I first heard of Tom Davis, one of the founding SNL writers, in Al Franken’s book Giant of the Senate. He was Franken’s best friend in high school and his comedy partner for years. In 2012 he died of throat cancer at 59, and as is often the case with comedians who die slowly enough, he was funny about it.
He wrote a piece called “The Dark Side of Death” that made me wish I had known about him earlier. “My chemotherapy is working,” he said. “I’m still buying green bananas.”
After detailing his illness a bit, there is this:
I wake up in the morning, delighted to be waking up, read, write, feed the birds, watch sports on TV, accepting the fact that in the foreseeable future I will be a dead person. I want to remind you that dead people are people too. There are good dead people and bad dead people. Some of my best friends are dead people. Dead people have fought in every war. We’re all going to try it sometime.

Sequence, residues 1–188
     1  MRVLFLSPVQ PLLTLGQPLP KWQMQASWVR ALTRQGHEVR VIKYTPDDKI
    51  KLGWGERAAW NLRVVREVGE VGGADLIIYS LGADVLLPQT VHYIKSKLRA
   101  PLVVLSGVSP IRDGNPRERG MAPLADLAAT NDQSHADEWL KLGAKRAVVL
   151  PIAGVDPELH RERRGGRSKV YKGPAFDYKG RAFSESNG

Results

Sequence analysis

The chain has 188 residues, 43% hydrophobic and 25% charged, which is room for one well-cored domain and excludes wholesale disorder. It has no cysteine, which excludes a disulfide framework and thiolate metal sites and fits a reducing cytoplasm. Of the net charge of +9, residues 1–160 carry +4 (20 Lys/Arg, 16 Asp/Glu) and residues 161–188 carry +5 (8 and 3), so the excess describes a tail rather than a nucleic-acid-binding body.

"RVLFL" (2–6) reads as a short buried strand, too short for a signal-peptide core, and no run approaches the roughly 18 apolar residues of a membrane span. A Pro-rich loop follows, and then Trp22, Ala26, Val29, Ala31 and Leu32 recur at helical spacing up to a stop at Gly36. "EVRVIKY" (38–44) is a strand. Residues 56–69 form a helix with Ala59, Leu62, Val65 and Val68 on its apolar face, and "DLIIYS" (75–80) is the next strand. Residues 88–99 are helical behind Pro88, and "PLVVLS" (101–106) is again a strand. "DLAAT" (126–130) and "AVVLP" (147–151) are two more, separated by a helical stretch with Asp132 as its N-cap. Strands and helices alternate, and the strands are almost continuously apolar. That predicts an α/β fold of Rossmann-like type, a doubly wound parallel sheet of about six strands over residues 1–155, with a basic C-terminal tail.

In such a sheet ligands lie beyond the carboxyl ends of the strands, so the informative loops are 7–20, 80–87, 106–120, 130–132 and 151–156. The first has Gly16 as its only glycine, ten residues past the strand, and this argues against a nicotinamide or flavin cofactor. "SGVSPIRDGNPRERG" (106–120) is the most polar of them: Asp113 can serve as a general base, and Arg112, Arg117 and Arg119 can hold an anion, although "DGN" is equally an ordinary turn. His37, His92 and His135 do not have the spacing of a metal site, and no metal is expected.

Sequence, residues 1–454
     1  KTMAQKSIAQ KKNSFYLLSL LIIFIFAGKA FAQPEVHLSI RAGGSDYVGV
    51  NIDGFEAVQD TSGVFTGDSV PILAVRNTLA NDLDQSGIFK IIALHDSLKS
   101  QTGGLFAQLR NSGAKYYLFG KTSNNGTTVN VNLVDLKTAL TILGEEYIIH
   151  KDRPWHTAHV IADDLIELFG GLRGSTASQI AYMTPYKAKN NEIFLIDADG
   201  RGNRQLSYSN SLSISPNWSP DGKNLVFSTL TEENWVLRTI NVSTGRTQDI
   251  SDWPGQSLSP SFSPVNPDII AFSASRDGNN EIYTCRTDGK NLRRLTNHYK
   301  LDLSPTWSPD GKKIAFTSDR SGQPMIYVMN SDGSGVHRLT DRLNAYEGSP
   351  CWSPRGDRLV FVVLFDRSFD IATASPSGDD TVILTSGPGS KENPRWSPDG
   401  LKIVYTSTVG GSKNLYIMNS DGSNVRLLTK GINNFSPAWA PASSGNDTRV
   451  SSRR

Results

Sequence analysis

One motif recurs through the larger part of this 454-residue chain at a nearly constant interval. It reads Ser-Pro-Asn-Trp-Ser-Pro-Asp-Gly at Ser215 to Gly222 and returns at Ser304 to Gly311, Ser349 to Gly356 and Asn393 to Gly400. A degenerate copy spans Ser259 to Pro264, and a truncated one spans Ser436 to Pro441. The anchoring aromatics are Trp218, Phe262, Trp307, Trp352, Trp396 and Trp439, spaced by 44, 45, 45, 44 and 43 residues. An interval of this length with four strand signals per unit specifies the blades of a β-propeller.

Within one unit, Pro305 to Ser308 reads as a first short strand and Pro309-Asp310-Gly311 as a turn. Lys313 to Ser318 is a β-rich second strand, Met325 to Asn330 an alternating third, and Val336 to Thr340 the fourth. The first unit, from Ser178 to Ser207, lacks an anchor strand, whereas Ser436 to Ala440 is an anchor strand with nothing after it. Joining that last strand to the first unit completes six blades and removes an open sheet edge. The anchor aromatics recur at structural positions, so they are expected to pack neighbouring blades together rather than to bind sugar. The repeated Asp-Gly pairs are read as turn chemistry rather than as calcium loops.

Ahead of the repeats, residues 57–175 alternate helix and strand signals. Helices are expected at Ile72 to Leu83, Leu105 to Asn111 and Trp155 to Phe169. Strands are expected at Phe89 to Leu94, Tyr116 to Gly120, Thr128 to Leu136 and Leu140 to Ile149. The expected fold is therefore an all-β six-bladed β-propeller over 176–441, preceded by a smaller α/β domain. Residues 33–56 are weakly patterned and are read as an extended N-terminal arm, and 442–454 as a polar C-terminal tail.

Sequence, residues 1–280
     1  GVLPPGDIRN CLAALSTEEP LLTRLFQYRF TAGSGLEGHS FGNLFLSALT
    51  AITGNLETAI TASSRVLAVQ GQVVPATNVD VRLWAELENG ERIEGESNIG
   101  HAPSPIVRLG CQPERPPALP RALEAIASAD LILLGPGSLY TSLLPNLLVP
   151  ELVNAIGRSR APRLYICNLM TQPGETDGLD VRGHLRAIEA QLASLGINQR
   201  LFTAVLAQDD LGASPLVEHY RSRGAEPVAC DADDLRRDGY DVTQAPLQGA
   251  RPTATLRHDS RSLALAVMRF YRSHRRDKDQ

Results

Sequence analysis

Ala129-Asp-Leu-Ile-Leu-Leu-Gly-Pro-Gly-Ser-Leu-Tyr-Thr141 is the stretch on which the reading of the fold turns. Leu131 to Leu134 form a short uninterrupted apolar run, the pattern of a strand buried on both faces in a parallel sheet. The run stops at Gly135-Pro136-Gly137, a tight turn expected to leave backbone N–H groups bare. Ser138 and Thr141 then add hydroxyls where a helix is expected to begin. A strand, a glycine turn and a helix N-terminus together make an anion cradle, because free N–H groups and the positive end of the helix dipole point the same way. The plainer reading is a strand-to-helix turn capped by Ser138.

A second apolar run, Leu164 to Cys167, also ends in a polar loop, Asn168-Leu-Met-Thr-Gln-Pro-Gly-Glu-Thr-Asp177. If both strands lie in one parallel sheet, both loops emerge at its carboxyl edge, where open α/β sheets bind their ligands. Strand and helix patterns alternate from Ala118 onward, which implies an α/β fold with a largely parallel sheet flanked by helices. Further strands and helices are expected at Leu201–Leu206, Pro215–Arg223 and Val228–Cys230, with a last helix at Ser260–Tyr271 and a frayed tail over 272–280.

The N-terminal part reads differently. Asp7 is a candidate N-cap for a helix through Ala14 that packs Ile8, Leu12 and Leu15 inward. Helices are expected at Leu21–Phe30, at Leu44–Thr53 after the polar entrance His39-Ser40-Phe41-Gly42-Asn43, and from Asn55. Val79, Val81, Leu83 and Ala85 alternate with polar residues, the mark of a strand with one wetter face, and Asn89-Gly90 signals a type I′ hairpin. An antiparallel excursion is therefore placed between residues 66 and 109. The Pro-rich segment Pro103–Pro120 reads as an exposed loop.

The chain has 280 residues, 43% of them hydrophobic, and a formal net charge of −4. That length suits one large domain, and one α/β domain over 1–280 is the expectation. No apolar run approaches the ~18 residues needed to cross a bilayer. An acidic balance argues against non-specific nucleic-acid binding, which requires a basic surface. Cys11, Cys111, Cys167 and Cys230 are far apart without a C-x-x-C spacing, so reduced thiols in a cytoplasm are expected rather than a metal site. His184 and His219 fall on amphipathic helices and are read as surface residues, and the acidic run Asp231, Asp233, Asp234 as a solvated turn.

It is odd to have so much time to orchestrate the process of my own death. I’m improvising. I’ve never done this before, so far as I know. Ironically, I probably will outlive one or two people to whom I’ve already said goodbye. My life has been rife with irony; why stop now?
As an old-school Malthusian liberal, I’ve always believed that the source of all mankind’s problems is overpopulation. I’m finally going to do something about it.
Now I’m peckish for more writing by dying comedians. It should have its own section at Barnes and Noble.
Davis’s book Thirty-Nine Years of Short-Term Memory Loss
Image: Youtube screenshot